Unless you’re Kreskin (or you don’t mind looking foolish), don’t go on record confidently predicting the outcome of a court case before the decision is handed down. Same thing goes for horseracing, Super Bowl match-ups or roulette. And based on recent events, Institute of Medicine decisions should be added to the list.
Right after the IOM announced it would soon publish new guidelines for vitamin D and calcium intakes, news stories cropped up on the Web anticipating that the agency would more than double the old recommendations to 1,000 IUs/day or more. Well, those numbers were overly optimistic at best, since the real recommendation was 600 IUs for most age groups. Clearly, the government isn’t as convinced of the benefits of vitamin D as many in our industry. Or, is it?
What Were They Thinking?
I asked a few industry members what they thought about the report, and they were less than enthusiastic about the new numbers. While some feel the report is better than the 1997 guidelines, the overall consensus seems to be that the new recommendations don’t go far enough (see our news coverage on page 8). Studies conducted by reputable sources indicate that the daily recommended intakes (DRIs) are not sufficient, and the upper tolerable limits of 4,000 IUs are ridiculous. I tend to agree.
Like you, I have many questions about how the IOM committee members arrived at the numbers. Why did they use a lower blood serum level for vitamin D than most research indicates is beneficial? Why aren’t the members’ comments and recommendations public? And at the press conference I attended (via Web), why did the committee seem almost embarrassed about how the report handles “new” applications for vitamin D? These include immune health, diabetes care, cancer care and more, which, unlike bone health, they feel are not supported by enough cause-and-effect data to link them to vitamin D.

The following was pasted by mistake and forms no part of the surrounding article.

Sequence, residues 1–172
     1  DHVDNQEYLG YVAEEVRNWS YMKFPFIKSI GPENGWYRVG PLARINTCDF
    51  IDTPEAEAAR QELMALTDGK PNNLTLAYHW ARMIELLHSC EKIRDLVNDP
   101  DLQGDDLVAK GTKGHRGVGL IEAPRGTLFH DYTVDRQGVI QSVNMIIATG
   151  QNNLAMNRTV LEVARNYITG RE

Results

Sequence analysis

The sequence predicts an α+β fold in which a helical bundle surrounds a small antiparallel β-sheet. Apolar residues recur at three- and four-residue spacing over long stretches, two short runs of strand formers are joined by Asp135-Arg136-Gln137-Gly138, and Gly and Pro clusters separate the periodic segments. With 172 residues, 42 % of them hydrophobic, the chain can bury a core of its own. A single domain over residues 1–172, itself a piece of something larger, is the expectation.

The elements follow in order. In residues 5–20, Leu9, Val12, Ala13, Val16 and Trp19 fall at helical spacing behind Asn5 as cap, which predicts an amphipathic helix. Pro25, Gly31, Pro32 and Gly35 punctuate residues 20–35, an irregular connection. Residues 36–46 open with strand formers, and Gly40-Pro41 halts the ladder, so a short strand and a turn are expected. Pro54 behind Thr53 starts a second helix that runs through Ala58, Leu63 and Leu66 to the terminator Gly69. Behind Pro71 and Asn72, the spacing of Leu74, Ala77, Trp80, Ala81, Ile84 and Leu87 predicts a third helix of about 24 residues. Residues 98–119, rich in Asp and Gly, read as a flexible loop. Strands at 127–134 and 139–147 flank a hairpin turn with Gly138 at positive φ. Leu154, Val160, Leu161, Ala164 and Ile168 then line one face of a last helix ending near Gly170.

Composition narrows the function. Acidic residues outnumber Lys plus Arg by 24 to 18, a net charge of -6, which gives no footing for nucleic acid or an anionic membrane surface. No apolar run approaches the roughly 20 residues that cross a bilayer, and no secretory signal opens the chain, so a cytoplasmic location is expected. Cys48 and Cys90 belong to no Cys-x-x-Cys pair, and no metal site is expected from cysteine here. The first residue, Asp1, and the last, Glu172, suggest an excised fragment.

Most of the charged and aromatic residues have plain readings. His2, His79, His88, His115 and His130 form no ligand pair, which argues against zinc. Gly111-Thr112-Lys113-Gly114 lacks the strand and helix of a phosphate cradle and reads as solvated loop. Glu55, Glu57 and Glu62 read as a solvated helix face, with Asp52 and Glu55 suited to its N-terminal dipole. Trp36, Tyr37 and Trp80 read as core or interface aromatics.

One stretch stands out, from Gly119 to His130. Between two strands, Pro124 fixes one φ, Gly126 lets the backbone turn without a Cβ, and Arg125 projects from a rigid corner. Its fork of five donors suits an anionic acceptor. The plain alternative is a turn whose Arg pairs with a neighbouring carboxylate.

I may be giving the group too much credit, but to me, the committee seemed apologetic. Committee head Catharine Ross said something to the effect of (I summarize), “Please understand that we need to be conservative.” Later, she encouraged researchers to continue their very promising vitamin D research into new areas, and actually thanked a reporter for giving her a softball question that gave her the chance to say so. Again, for reasons I don’t understand, the committee said it was unable to use all available vitamin D research to define its DRIs—but “research should continue on non-bone health indicators like cancer.”
At another point in the press conference, the committee spoke about why it chose 4,000 IUs of vitamin D as the limit before the nutrient is deemed harmful. The group noted it “backed off” from its original inclination of 10,000 IUs/day to 4,000. “Backed off.” Interesting choice of words.
Could it be that the committee members felt pressured to stick with what they called “conservative” estimates? Is there something more in the back story of this report’s negotiations?
The bottom line is that it’s shameful to play around with the public’s health. If higher levels are supported by research, then the IOM is obligated to act on it. And if they won’t, maybe we should. One industry group, the Alliance for Natural Health—USA, is challenging the report with a petition*. In addition to action like this, retailers who believe that vitamin D supplementation is important should continue to proudly sell the Sunshine Vitamin— and carefully explain its health benefits to shoppers.
To me, it’s important we remember a “conservative estimate” does not necessarily mean it’s a correct estimate. WF
Kaylynn Chiarello-Ebner Editor/Associate Publisher
*Information about the petition is available at www.anhusa.org/action-alert-is-the-institute-of-medicine-in-bed-with-big-pharma.
Published in WholeFoods Magazine, January 2011